Arquive · Brazilian · Dessert



Brazilian desserts are typically pretty sweet and a lot of them use sweetened condensed milk, like these chocolate fudgy-like truffles called brigadeiros (pronounced bree-ga-DAY-ros). The most popular sweet in Brazil, eaten from north to south, by rich and poor, they were traditionally rolled in sprinkles and served at children’s birthday parties (we used to eat at least 5 of those at a time, but don’t tell my kids). We also make brigadeiro cakes in Brazil, which are made by filling and frosting an entire chocolate cake by spreading a recipe or two of brigadeiros on it. That too, I am yet to tell my kids…

In the last few years, brigadeiros have been revamped into gourmet sweets (docinhos) that are now served at weddings and any other occasion, from picnics to corporate events. There are many “boutiques” in Brazil dedicated entirely to these treats, serving them in little jars, tubes, spoons, rolled in different nuts or prepared in a variety of flavors (yes, caipirinha flavor, too). My kids love the good old version of chocolate sprinkles for their birthday parties, but I prefer a more grown-up flavor like rolling them in cacao nibs (I love the bitter/sweet balance of this combination) or, my latest, a variety of tiny seeds and grains from a little package I discovered the other day at Trader Joe’s. I remembered seeing chocolate truffles covered with seeds at the  Borough Market in London during our vacation there last month.  I was drooling over them staring from the store window as my family begged me to keep walking. It became my new favorite: it keeps the brigadeiro flavor simple as in my childhood memories, with a little added crunchiness (I promise you it does not hurt the taste of indulgence).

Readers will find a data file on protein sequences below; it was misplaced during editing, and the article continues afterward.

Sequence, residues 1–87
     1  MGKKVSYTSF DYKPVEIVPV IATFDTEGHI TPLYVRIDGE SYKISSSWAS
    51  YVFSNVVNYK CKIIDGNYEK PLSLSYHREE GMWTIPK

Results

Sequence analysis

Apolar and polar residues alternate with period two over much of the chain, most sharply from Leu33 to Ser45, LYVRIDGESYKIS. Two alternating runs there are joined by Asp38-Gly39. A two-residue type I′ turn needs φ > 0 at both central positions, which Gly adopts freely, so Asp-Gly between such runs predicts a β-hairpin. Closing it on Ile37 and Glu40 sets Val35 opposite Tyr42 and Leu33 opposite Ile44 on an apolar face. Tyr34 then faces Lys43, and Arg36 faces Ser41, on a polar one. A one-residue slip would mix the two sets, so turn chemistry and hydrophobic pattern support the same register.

They are so good that they are on the addictive category… I suggest you serve a few, keep a few and gift the rest to friends or work colleagues. I send extras (of almost anything) to Romas’ work.  That way I never have to bump into temptation on my kitchen counter when all I’m doing is going for an innocent glass of water. When the treats are good, I ask him to walk around the office offering to people. When they are not the greatest, I tell him to “dispose” of them on the kitchen counter anonymously… sorry, Romas’ work colleagues. And thanks for helping us not waste any food.

Don’t be discouraged if you don’t get the consistency right the first time. If it is undercooked and too soft, serve it in little cups with spoons and toppings. If it is overcooked and chewy, you can also roll them and eat as well. Even failed brigadeiro is good!  You should definitely try the original version, rolled in sprinkles (preferably the kinds that are made with real chocolate), to know what this Brazilian national icon is all about.


1 can of sweetened condensed milk
1 tablespoon of butter
2 tablespoons of unsweetened cocoa powder
In a medium sauce pan over medium-low heat, stir the three ingredients.
Cook the mixture stirring constantly, or it will burn. After it starts bubbling, cook another few minutes until it is slightly thicker and shows the bottom of the pan when stirring (7 to 10 minutes total, depending on the thickness of the pan used).
Spread brigadeiro onto a buttered dish and let cool to room temperature (I cook it in the morning and roll it in the afternoon).
Prepare bowls with the sprinkles or other ingredients of your choice for coating (crushed hazelnuts or pistachios, grated chocolate, cocoa powder, seeds and grains, cacao nibs…).
Butter your hands and shape the brigadeiros into truffle-sized balls, rolling 4 or 6 at a time through the coatings and placing them on candy sized liners.

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